Another basis for my criticism is that, even if you believe that phenotypes (traits) are directly encoded by the genes, you would still fail to detect the “infidelity” gene(s) in Weiner because he is deliberately keeping that behavior secret from potential mates. I’m certain his wife was unaware of those “bad genes” when she married him. Had she been able to detect the “infidelity gene” in Weiner, and wanted to save her son (or daughter) from inheriting this perfidy, presumably she would not have married Weiner. Just as a person who, assuming their primary concern was the quality of their children, would hesitate to marry another person if they knew that person had a bad gene that might recombine during meiosis with their own bad copy to cause a debilitating disease in their child.  This is the basis for certain Mendelian disorders in children, caused by inheriting a bad (recessive) gene from both parents, nether of whom is affected. The biggest reason many of these diseases are not prevented in children is not because we don’t know the bad gene(s) involved, sometimes we do, but precisely because, contrary to what the author of the article claimed, we can’t detect by observation if a person has “good” genes or “bad” genes.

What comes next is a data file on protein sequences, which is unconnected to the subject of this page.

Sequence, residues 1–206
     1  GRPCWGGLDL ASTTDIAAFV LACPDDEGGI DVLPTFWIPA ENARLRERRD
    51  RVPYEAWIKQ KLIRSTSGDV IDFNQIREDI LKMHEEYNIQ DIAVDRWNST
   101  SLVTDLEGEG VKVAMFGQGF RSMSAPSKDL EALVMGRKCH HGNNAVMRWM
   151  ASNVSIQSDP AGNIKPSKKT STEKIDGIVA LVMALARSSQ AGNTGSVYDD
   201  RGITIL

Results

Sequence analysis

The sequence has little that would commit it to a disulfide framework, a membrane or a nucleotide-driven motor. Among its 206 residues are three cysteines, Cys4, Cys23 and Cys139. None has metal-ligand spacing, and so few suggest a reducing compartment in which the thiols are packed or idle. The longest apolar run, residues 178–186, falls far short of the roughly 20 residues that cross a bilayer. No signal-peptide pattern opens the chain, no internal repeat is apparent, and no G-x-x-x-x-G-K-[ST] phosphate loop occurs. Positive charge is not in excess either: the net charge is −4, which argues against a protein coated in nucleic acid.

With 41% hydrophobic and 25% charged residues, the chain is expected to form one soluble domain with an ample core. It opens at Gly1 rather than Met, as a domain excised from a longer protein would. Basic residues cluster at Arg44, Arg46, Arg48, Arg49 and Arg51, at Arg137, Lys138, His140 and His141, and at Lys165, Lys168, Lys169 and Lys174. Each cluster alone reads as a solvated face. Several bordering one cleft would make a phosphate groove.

I think the reason people continue to repeat this silliness – generally, that what we do as humans is explained by our genes and our desire to mate with someone with “good” genes – owes to their being duped by an increasing number of books and pop science articles related to evolutionary biology, many of which greatly oversimplify human biology in order to account for what we do or why we do it. These people don’t understand the actual science, or the corresponding limitations of our present knowledge.